#30 – What Rock is It?


You would think that everyone could at least agree on the kinds of stone used to make the artifacts from the cave. Yet the geologists’ reports have differed greatly.

Of course, with so many artifacts to choose from (several thousand, once, though there are fewer than 200 now in Burrows’ hands), there is no certainty that the same few types of stone were used for all. And it’s likely that, over a decade of various analyses, different stones were examined at different times. But granting all that, the variance in conclusions is nonetheless startling.

Here’s a summary of what different people have said at different times.

1) (1991): First, to orient you, here’s a simple description, by James Scherz, a civil engineering professor with some professional knowledge of geology. He describes the current Burrows collection as consisting mainly of palm-sized, turtleshell-shaped stones; almost all are black or dark grey. Some of them resemble black slate, shale, or similar soft and layered material. Other black pieces are of a harder material. (#65)

2) (1986): Jack Ward, a retired gravel salesman, who should have known his stone, said that the majority of the pieces (in those days, several thousand that he had in his possession, or had seen) were of two varieties: diorite and limestone. (#29,65)

Diorite is a granular crystalline igneous rock. (Ward said these pieces of diorite were sand-eroded, and had long lain on the surface of the Egyptian desert.)

Limestone is formed from organic animal remains (mainly shells or coral), consists mainly of calcium carbonate, and can vary greatly in hardness. Judging from the Field Museum letters, Ward claimed that the rock he called limestone was, more specifically, nummulitic limestone, which is the most widely distributed and distinctive formation of the Eocene in Europe, Asia, and northern Africa.

Burrows, though no geologist, has studied caves and explored many. He thinks the cave from which the artifacts came is a limestone cave, with a sandstone cap. (#17)

So, diorite and limestone, according to Ward.

3) (1986): The Field Museum experts included one petrologist (Woodland), and several others who thought themselves competent to speak on geology as it touched on their fields. They said they examined stones of two or three types, which Ward called diorite and nummulitic limestone. In their opinions, these stones were in actuality:

(Woodland): a fairly crystalline marble (a metamorphic rock not found in Illinois or adjacent regions); a soft black shale – not an igneous rock like diorite; and a carbonate concretion which had formed in black shale this also of sedimentary origin.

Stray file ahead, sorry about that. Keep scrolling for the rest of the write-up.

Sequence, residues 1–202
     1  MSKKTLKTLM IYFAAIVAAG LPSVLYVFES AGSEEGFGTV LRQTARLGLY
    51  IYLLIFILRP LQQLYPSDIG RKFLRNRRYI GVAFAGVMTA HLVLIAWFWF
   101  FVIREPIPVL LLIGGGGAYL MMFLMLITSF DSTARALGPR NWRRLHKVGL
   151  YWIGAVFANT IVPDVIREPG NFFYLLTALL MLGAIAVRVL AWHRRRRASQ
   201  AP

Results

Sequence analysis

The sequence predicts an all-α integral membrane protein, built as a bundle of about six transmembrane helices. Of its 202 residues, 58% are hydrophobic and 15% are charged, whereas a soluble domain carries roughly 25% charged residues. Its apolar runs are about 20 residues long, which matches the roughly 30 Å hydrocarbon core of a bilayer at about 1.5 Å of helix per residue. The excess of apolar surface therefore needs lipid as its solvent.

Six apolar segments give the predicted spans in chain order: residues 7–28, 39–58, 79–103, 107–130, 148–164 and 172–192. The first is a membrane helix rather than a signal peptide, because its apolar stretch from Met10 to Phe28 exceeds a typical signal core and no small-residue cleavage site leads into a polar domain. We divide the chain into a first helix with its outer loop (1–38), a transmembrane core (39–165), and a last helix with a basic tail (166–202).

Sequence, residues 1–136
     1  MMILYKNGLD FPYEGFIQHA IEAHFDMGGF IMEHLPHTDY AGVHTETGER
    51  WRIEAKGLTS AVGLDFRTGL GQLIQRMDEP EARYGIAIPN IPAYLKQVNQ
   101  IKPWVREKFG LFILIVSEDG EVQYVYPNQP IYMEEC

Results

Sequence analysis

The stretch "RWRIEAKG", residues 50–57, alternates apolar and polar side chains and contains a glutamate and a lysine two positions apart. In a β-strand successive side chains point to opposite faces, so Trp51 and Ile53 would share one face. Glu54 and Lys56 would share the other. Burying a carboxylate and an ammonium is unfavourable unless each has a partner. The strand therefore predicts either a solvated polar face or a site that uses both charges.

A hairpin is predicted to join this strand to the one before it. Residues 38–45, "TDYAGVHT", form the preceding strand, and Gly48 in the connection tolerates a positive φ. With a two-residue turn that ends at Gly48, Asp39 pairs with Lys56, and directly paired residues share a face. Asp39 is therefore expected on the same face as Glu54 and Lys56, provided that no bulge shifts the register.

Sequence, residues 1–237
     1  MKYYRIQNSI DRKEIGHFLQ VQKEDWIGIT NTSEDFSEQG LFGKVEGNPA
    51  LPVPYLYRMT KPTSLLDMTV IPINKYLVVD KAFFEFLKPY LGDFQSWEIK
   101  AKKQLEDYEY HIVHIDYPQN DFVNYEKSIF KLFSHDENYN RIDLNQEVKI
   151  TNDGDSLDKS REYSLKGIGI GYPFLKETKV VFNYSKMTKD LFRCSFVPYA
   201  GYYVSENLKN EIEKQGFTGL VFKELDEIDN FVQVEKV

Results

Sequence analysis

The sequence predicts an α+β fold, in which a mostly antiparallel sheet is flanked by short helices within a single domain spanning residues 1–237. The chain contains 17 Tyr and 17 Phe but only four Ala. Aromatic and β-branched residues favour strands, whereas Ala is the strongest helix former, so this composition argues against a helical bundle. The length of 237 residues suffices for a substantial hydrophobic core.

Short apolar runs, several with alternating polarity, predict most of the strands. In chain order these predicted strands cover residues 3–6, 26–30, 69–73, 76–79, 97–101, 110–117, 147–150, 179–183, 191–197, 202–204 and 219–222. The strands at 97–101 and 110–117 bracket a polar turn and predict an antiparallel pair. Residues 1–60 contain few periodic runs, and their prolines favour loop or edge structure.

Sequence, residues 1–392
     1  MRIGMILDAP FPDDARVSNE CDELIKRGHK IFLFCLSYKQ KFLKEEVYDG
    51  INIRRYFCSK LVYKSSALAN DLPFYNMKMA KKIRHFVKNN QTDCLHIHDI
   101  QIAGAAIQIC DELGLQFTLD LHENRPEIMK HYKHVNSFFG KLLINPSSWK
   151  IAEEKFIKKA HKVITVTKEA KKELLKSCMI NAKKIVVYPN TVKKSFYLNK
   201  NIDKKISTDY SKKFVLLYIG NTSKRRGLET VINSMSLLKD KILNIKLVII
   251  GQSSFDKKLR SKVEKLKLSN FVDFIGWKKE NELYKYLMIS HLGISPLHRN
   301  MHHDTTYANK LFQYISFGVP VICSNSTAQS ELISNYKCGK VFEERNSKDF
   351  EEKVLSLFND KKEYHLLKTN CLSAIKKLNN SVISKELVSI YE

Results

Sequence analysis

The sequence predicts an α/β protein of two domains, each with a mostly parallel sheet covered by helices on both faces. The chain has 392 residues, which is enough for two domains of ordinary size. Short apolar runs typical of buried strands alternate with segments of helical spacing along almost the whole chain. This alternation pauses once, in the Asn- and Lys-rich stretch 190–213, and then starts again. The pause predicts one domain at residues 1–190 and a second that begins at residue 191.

(Pickering): whitish marble (possibly from gravestones) – not lime-stone; and shale/slate – not diorite.

(Yurco): a crystalline marble – not nummulitic limestone; and a schist or a shale – not basalt. (Basalt is a dark gray to black dense to fine-grained igneous rock.)

(Sease): made no pronouncement, but assumed the pieces she examined were marble.

(The Field Museum scholars hooted at Ward for, in their opinion, grossly misidentifying the stones.)

So, shale and marble, according to the Field Museum experts. (#29)

4) (1986): Virginia Hourigan showed samples around.

Jim Whittall examined one under a microscope; this had a face with a sort of hat on top. The edge of the hat was a thin line of quartz, “so thin you couldn’t disturb it without breaking it, and the quartz was formed around a pebble that went right through it in the middle of the face’s forehead.”

Geologist Virginia Ross looked at the samples Hourigan showed at the Early Sites meeting. She could make an impression in one with her finger-nail, giving it a hardness of 4 (out of 10). She thought them siltstones.

(Burrows, obviously speaking of a different type of rock altogether, had reported that he broke a diamond drill bit on one piece.)

Norman Nielsen, a retired materials engineer, with access to the DuPont labs, did several tests: a nondestructive test on an unnamed sample, and a later destructive test on a broken ushabti” that Cullen had had on his windowsill in the sun.

Ward and Cullen had rubbed this piece with car wax and wiped off the excess with lighter fluid: all this to make the inscriptions stand out more clearly.

Nielsen found the wax and concluded he was dealing with a man-made stone. He sent the report to Whittall, but Hourigan didn’t hear about it until 1990.

Another engineer, James Guthrie, later analyzed the same ushabti stone, and concluded the stone was natural and the wax a later addition.

Two geologists from the American Museum of Natural History said one of the samples Hourigan had was argillite (a siltstone), and all the samples were fairly soft.

Hourigan says other stones (not the ones analyzed) are harder, with a “core” of a different texture and color. (#38)

5) (1986): John Ward gave a stone to Gloria Farley in the summer of 1986. This was analyzed by W. Dale Murphy, a petroleum geologist in Denver. He reported that the stone was a fine grained siltstone.

6) (1991): Rydholm, Burrows, and Trawicky visited the Wisconsin Geological Survey, and showed samples to two geologists there. They were open and helpful. They said the samples that had been pronounced “slate/shale” were in fact lithographic limestone. And one highly polished piece was basalt. (#65)

A conglomerate of jumbled results, no?